Several NHS physicians have urged for the introduction of a new required fee on the gambling industry in the United Kingdom to assist support prevention and treatment programs for those suffering from gambling addiction.
Dr. Matt Gaskell, the Clinical Lead for the NHS Northern Gambling Service, and Professor Henrietta Bowden-Jones, the Director of the National Problem Gambling Clinic, have been at the forefront of the campaign to establish an independent health board to oversee the gambling levy, which has garnered widespread support.
In a report for the think tank Social Market Foundation (SMF), the new board should be chaired by the Department of Health and Social Care rather than the Department for Digital, Culture, Media, and Sport (DCMS).
According to the report, the Joint Advisory Charge Board should conduct an evaluation of the link between particular online casino games and gambling damage, and then levy the products in accordance with the findings.
It also recommends that the board speak with academics, research councils, the Gambling Commission, physicians, and stakeholders from the Department for Education and the Department for the Environment, Food and Rural Affairs.
At the moment, UK online casinos are required to make yearly donations to organizations designated by the Commission, as well as contributions to the study, prevention, and treatment of gambling addiction. The authors of the report argue that the new fee should be used to replace the present voluntary fundraising mechanism, which they believe is "unfit for purpose."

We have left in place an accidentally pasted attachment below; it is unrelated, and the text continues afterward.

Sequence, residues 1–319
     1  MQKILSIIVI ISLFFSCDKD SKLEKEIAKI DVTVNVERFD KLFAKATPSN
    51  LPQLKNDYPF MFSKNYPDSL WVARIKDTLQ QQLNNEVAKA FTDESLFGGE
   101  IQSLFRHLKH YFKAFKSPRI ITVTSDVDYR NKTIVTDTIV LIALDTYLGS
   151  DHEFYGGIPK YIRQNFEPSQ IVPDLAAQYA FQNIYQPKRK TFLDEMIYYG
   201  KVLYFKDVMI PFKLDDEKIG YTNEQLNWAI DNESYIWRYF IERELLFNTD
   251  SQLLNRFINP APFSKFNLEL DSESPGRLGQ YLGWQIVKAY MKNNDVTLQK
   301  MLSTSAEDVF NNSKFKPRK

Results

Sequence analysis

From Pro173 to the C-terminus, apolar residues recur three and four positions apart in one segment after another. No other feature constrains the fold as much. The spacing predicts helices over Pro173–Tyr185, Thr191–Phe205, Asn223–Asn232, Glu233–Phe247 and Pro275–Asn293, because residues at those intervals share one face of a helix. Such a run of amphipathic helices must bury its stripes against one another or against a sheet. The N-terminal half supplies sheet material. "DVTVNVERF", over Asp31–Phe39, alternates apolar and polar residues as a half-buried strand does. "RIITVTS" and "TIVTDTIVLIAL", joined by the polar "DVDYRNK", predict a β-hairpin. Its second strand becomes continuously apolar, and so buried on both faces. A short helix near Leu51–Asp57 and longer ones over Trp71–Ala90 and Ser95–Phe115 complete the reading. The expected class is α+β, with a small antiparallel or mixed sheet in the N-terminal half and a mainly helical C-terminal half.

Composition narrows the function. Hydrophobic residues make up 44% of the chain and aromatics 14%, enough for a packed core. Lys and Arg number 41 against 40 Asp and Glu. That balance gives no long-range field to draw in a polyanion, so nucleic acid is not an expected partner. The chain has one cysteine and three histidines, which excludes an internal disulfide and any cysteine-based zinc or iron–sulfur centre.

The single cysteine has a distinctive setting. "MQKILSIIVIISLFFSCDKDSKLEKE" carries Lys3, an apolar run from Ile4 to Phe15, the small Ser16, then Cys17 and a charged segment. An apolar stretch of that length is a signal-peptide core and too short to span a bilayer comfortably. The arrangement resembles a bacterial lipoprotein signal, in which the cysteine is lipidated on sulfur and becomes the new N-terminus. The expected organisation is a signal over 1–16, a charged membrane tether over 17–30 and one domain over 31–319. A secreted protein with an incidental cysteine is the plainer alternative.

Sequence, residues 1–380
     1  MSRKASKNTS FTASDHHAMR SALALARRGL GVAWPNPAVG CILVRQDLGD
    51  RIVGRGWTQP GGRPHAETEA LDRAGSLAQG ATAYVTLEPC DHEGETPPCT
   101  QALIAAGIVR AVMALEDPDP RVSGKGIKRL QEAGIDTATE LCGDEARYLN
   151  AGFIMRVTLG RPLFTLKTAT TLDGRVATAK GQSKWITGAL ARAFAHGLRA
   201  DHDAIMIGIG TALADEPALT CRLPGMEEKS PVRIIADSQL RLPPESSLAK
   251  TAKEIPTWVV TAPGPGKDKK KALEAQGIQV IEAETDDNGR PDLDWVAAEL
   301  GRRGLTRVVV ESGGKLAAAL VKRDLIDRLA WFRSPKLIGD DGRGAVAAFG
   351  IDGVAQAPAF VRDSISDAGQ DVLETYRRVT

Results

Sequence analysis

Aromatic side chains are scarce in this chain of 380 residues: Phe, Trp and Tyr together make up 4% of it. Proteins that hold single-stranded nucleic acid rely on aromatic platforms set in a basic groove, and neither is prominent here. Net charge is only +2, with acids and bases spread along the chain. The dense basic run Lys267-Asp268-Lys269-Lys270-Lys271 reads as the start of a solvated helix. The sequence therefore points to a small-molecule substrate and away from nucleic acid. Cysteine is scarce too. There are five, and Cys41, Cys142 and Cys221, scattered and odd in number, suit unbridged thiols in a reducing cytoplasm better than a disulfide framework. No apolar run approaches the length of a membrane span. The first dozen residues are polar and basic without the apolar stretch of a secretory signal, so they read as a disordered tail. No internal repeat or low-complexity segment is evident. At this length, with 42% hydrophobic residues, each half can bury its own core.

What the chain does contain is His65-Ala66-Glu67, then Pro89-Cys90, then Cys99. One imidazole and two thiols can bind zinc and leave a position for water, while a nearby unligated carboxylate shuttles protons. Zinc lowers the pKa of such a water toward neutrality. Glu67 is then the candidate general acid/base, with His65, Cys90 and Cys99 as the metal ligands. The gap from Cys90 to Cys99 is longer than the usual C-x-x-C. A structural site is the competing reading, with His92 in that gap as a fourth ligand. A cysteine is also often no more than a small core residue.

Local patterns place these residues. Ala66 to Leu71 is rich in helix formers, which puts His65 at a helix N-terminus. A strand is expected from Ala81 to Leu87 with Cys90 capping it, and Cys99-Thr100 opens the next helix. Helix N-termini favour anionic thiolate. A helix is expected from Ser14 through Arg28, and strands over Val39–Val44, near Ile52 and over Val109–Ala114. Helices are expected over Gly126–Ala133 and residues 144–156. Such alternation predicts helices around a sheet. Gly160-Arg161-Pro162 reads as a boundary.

“The current voluntary system has no integration of NHS services, no consistency in funding decisions, no independent evaluation of long-term impact or regulation via the Care Quality Commission, no coordinated oversight from research councils over research into harm, and serious questions have been asked about the independence of this voluntary system from the influence of the gambling industry,” the SMF report reads.
“Furthermore, decisions about the funding of healthcare services are not overseen by experts at the Department of Health and Social Care, as would be expected, but rather officials at the Department for Digital, Culture, Media and Sport.”